The Changing Curriculum: Curricular Considerations for the 1970's
It is essential that we find new approaches to a music curriculum that will serve contemporary needs. The very survival of music as a significant force in western society may well depend upon it. At a time in history when we have an astonishing access to the musical cultures of the past and the present, our societyin part, the result of the misuse of technology and the insular effects of televisionseems to be on the verge of ignoring this challenge to enrich our lives in favor of a monochromatic musical existence.
As music becomes an increasingly peripheral part of American culture, music programs in the public schools are being dropped or curtailed at a frightening rate, while the problems faced by the bastions of our musical culturethe symphony orchestra and the operagrow and are symptomatic of our cultural crisis.
The laissez-faire attitude of the public toward the art is reflected in the actions, or "non-actions" of our legislators and government leaders. Typical is this comment of Republican Congressman Gross of Iowa:
It is freely admitted that not one major orchestra . . . in this country is operating in the black. Obviously, if the public is so hungry for these things, that segment of the public ought to be willing to pay for them. We got along pretty well in this country for more than a century without spending money for culture.
(In this connection let us note that, in per capita terms, the West German government spends $2.40 per person on the arts, Sweden $2.00, England $1.40, and the United States 7½ cents!).
Perhaps closer to home. Each year we see an uncomfortable number of music teachers drop out of the profession because they find themselves unable to cope with music of the present, unable to comprehend non-western concepts, or even unable to interest their students in the music they have been taught to teach.
It becomes obvious that a new kind of creative music educator is needed: one with a more comprehensive understanding of music, one flexible enough to cope with all musical experiences, and one committed to the broad concept that music may simply be sound that an individual or a society elects to hear. A contemporary music curriculum should be diverse, comprehensive, and flexible enough to allow the student to select those courses that interest him and that will eventually affect the kind of musical life he decides to create for himself.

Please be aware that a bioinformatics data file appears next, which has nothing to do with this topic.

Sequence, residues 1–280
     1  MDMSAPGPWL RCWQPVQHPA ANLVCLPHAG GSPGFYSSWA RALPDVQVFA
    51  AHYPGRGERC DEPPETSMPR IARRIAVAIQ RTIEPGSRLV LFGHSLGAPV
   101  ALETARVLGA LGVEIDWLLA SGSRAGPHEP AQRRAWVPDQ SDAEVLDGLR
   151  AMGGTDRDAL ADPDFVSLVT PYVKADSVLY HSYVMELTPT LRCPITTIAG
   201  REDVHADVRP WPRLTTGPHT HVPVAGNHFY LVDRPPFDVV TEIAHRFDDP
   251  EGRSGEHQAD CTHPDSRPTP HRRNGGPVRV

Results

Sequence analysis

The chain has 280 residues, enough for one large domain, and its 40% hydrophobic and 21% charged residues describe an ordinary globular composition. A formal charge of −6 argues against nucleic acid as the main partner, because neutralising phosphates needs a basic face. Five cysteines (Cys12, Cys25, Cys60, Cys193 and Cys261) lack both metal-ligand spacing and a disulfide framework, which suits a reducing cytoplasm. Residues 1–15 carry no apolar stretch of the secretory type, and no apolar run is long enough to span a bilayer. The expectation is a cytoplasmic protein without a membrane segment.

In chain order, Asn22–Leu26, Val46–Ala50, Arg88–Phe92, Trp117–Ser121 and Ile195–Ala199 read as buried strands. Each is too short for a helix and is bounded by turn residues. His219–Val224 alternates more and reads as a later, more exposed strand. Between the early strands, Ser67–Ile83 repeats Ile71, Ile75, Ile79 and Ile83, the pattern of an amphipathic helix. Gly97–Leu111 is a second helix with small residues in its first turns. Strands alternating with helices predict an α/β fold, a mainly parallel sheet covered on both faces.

This new world of accessvast, complicated, and ever-changinghas created a musical spectrum so broad that it is almost presumptuous to regiment a four-year program of arbitrarily selected courses that will supposedly satisfy the students' needs. The traditional series of packaged course requirements, drawn from a group of electives that are in themselves limited and unimaginative, is proving inadequate to meet the realities of contemporary life. As a result, most college music curricula appear short-sighted, provincial, and are, in the end, self-defeating.
Even when traditionally structured music departments make an effort at change, they often find themselves at the mercy of special interests and choked by methods long outdated. Hampered by faculties bent on perpetuating traditional procedures and pet courses, they find themselves unable to alter their music program significantly. So-called curriculum revision is often mere gesturea jazzy new course, a re-titling of an old course, a guitar seminar, a contemporary music festival. What is needed is a complete overhaula reconsideration of what is actually needed to develop a contemporary music educator and musician.
This is not to suggest an anarchy of freedoma supermarket of musical courses without direction or purposebut, rather, the creation of a controlled musical environment wherein the student creates the pattern for his musical future within a context that encourages future growth and the capacity to deal intelligently with the new, and a music educator who realizes that, in this age, his "education" can never be completed.
When considering the formulation of a new music curriculum we must begin by disregarding all previous formats and structures and ask ourselves some basic questions: 1) What areas should the music department involve itself with, and how deep should that involvement be? 2) How committed are we to contemporary music performance and composition? 3) How flexible should the program be? 4) What proficiencies are desirable, and is it possible for the student to achieve these independently? 5) What courses are absolutely necessary, regardless of the student's major? (And in considering this question, we should think in terms of a minimum rather than a maximum number of required courses.)
It seems to me that many requirements, often regarded as bulwarks of traditional music programs, are not only arbitrary, but frequently in conflict with reality. I would suggest that, other than the applied music major, the only required courses should be a music theory sequencethis, based on the assumption that regardless of one's concentration, music theory is the one area that seems basic to any musical education. From this base, the student could pursue any aspect of music that was his special interest.
This, however, does not mean music theory as traditionally taught, i.e., in small packages, like conventional harmony, beginning with the triad and gradually working through four semesters to the complexities of the augmented 6th chord and unusual resolutions of the dominant 7th. Harmony is probably taught the way it is because it has been codified and is eminently "teachable," and not because it is necessarily the best way to teach harmonic aggregates.
The sole purpose of music theory should be to develop the ability to approach any aural experience with intelligence. This study of the aural phenomenonwhat sounds are heard, regardless of the century or culture, and how one copes with themshould be consistent with the dictionary definition of theory as speculation, contemplation; hence, principles rather than rules.